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README.md

Multilingual KSQL UDF Experiment

A POC for multilingual (Python, Javascript, Ruby, etc) UDFs in KSQL. The KSQL changes I've been working on are now conventiently packaged inside a Docker image for demonstration purposes :)

Docker Pulls Docker Automated

Background

I wanted to see if I could implement multilingual UDFs in KSQL. I was able to get this working with the help of GraalVM, but the effort is still a (fairly advanced) work in progress and I'd like to coordinate with others who are either actively working on this, or who have feedback.

The actual work is happening in this branch, and you're free to build that branch locally + run your own tests without the aid of the magicalpipelines/ksql-multilingual-udfs Docker image included here (note: you'll need to run KSQL using GraalVM for multilingual UDFs to work). The reason I created this Docker image is so that others who don't have a lot of experiencing building the KSQL project / sub-projects can test this functionality out very easily. Also, those who don't have the patience to install GraalVM can instead just use this image as described in this doc.


See KLIP-2 for more info about the motivation behind multilingual UDFs


Table of Contents

Prerequisites

  • a running Kafka cluster (examples reference a bootstrap server at localhost:9092. update accordingly)
  • kafkacat (optional)

Demo Setup

  • Start the KSQL server

    # tab 1
    $ docker run --net=host \
        -e BOOTSTRAP_SERVERS=localhost:9092 \
        -ti magicalpipelines/ksql-multilingual-udfs:latest
  • Start the KSQL CLI

    # tab 2
    $ docker run --net=host \
       -ti magicalpipelines/ksql-multilingual-udfs:latest \
       ksql

    Once the CLI has started, set the following config:

    ksql> SET 'auto.offset.reset' = 'earliest';
  • Create a dummy topic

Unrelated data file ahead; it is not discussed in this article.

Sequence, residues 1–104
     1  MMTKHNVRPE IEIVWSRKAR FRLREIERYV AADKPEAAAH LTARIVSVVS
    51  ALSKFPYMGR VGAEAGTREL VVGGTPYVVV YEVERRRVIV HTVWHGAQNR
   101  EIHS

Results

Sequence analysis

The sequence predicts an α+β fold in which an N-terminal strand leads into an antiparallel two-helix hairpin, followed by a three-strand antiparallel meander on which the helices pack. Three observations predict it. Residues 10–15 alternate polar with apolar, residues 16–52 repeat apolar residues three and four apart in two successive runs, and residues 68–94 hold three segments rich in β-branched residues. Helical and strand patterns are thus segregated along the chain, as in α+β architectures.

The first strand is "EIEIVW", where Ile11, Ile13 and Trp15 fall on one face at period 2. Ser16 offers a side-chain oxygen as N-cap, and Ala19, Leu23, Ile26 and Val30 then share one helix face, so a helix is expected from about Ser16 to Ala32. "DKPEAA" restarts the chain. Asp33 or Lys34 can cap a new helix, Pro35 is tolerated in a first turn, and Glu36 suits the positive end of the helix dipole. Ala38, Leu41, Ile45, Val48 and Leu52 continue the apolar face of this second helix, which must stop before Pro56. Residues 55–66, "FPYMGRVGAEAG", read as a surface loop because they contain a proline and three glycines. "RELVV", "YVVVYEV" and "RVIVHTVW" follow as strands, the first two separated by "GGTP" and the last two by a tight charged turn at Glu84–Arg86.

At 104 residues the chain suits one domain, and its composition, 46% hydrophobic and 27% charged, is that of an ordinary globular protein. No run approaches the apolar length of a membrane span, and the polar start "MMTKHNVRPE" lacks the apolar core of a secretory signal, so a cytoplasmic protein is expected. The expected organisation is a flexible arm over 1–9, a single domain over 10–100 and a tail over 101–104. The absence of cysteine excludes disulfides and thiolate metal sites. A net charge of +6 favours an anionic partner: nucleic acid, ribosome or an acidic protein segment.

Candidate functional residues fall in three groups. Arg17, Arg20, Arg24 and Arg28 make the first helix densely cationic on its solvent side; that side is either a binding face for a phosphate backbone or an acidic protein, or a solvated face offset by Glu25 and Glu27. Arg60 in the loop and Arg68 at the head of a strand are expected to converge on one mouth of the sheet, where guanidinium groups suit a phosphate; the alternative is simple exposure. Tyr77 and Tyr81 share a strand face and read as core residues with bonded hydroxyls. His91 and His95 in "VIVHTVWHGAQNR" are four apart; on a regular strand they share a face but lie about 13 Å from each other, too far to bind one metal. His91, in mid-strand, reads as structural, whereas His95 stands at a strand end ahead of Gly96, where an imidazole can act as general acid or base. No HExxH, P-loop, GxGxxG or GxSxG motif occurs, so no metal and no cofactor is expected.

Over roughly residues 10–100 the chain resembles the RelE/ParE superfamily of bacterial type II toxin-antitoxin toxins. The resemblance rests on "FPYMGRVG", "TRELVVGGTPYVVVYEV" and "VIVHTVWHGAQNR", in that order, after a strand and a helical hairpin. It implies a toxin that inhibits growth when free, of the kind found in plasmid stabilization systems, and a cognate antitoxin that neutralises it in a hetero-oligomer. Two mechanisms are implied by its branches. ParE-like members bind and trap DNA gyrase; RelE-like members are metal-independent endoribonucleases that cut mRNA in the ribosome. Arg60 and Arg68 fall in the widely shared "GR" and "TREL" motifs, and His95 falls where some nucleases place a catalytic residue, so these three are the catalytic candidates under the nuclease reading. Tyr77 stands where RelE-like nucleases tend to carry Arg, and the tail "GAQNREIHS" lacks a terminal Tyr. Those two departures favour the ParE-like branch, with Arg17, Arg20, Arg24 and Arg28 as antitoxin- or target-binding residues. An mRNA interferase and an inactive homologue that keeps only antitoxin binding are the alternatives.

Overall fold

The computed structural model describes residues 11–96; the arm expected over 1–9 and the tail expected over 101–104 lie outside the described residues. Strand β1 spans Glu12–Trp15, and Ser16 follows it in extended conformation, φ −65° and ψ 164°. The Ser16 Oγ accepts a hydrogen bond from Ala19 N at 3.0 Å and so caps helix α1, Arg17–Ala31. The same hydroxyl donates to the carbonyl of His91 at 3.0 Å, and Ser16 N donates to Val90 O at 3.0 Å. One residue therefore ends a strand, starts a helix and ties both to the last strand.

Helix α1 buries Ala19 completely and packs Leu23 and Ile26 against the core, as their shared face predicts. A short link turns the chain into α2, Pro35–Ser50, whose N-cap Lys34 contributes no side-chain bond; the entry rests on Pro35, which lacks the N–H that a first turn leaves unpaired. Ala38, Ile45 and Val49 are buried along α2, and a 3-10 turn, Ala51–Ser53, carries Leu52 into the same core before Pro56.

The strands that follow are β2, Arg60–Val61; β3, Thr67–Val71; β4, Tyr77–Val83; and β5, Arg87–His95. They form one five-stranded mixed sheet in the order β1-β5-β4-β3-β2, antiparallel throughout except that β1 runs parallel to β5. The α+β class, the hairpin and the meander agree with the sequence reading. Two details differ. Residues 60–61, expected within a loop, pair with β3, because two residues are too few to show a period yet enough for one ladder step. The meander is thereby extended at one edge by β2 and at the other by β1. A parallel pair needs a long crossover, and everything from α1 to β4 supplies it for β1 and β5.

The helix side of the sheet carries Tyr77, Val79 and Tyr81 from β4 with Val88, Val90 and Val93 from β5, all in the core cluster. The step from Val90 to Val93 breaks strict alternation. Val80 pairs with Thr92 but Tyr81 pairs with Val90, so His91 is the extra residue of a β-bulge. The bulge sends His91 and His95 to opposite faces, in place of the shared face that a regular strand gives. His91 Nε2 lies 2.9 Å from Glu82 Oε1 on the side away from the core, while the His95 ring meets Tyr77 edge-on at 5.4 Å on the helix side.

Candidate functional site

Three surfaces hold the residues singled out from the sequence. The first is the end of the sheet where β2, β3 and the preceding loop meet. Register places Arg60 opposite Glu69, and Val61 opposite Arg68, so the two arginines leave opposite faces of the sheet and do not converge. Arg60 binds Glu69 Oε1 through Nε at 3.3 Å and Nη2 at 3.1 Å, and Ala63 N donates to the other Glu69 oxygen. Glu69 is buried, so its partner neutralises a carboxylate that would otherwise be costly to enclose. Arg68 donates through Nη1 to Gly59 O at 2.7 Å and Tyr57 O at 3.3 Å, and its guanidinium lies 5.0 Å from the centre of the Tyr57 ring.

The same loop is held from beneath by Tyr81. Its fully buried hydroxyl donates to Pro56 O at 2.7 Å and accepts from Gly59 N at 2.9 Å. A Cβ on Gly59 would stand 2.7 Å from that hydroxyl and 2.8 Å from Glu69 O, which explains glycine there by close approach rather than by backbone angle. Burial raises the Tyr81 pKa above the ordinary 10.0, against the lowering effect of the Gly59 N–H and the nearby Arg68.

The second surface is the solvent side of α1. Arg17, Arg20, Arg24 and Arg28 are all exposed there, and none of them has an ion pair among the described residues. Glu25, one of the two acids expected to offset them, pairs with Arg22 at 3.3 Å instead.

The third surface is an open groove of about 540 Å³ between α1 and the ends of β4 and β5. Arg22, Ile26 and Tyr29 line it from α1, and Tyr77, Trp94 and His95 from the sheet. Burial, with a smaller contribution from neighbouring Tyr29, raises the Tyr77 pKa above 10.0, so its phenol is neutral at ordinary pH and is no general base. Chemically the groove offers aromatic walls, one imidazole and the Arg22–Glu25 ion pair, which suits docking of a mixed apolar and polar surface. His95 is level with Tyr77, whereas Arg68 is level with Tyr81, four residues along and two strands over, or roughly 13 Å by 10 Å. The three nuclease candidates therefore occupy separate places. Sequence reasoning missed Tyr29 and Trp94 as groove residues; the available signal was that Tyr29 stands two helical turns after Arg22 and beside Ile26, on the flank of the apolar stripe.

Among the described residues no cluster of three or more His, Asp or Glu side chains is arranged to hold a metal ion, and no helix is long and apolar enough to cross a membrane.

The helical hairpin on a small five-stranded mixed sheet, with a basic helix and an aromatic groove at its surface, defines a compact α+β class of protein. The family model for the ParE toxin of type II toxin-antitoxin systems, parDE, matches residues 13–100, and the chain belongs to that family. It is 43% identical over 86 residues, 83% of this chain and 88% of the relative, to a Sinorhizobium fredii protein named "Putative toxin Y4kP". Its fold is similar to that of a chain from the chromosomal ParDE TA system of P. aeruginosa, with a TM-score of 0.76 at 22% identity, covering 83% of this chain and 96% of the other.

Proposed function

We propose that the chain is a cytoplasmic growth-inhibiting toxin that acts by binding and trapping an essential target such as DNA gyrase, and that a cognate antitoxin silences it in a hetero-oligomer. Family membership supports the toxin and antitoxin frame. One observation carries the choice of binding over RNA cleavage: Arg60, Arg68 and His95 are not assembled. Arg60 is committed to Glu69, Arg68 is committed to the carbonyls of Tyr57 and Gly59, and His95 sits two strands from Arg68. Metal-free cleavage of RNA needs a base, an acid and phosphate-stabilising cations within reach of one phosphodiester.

Create a dummy topic named api_logs. If your cluster is configured to auto-create topics, then you can skip to the next step, which will create the topic once you produce some dummy data.

  • Produce dummy data

    $ echo '{"endpoint": "about.html", "status_code": 200}' |  kafkacat -P -b localhost:9092 -t api_logs && \
      echo '{"endpoint": "index.html", "status_code": 200}' |  kafkacat -P -b localhost:9092 -t api_logs && \
      echo '{"endpoint": "contact.php", "status_code": 404}' |  kafkacat -P -b localhost:9092 -t api_logs
  • In the CLI, create a stream to read from our dummy topic.

    ksql> CREATE STREAM api_logs (endpoint VARCHAR, status_code INT)
          WITH (kafka_topic='api_logs', value_format='JSON');

Multilingual UDF demos

Now, in the CLI, run the following commands to try out multilingual UDFS :)

Javascript

Create a Javascript UDF with the following command:

ksql> CREATE OR REPLACE FUNCTION STATUS_MAJOR(status_code INT) 
RETURNS VARCHAR
LANGUAGE JAVASCRIPT AS $$
(code) => code.toString().charAt(0) + 'xx'
$$ 
WITH (author='Mitch Seymour', description='js udf example', version='0.1.0');

Verify the new UDF exists:

ksql> DESCRIBE FUNCTION STATUS_MAJOR ;

Name        : STATUS_MAJOR
Author      : 'Mitch Seymour'
Version     : '0.1.0'
Type        : scalar
Jar         : internal
Variations  :

	Variation   : STATUS_MAJOR(INT)
	Returns     : VARCHAR
	Description : 'js udf example'

Invoke the new UDF:

SELECT endpoint, status_code, status_major(status_code)
FROM api_logs ;

Verify the output:

about.html | 200 | 2xx
index.html | 200 | 2xx
contact.php | 404 | 4xx

Python

Create a Python UDF with the following command:

ksql> CREATE OR REPLACE FUNCTION ENDPOINT_TYPE(endpoint VARCHAR) 
RETURNS VARCHAR
LANGUAGE PYTHON AS $$
lambda endpoint: endpoint.split(".")[1]
$$ 
WITH (author='Mitch Seymour', description='python udf example', version='0.1.0');

Verify the new UDF exists:

ksql> DESCRIBE FUNCTION ENDPOINT_TYPE ;

Name        : ENDPOINT_TYPE
Author      : 'Mitch Seymour'
Version     : '0.1.0'
Type        : scalar
Jar         : internal
Variations  :

	Variation   : ENDPOINT_TYPE(VARCHAR)
	Returns     : VARCHAR
	Description : 'python udf example'

Invoke the new UDF. Note: the cold start with Python is a little more noticable than the Javascript UDF. But it should only incurred when the UDF is first instantiated.

SELECT endpoint, endpoint_type(endpoint)
FROM api_logs ;

Verify the output:

about.html | html
index.html | html
contact.php | php

Ruby

Create a Ruby UDF with the following command:

ksql> CREATE OR REPLACE FUNCTION REVERSE(endpoint VARCHAR) 
RETURNS VARCHAR
LANGUAGE RUBY AS $$
lambda { |x| x.reverse }
$$ 
WITH (author='Mitch Seymour', description='ruby udf example', version='0.1.0');

Verify the new UDF exists:

ksql> DESCRIBE FUNCTION REVERSE ;

Name        : REVERSE
Author      : 'Mitch Seymour'
Version     : '0.1.0'
Type        : scalar
Jar         : internal
Variations  :

	Variation   : REVERSE(VARCHAR)
	Returns     : VARCHAR
	Description : 'ruby udf example'

Invoke the new UDF:

SELECT endpoint, reverse(endpoint)
FROM api_logs ;

Verify the output:

about.html | lmth.tuoba
index.html | lmth.xedni
contact.php | php.tcatnoc

To do

  • FROM FILE implementation?
  • KLIP?
  • Test headless mode!
  • Unit tests in the branch itself
  • Bug hunting / fixing
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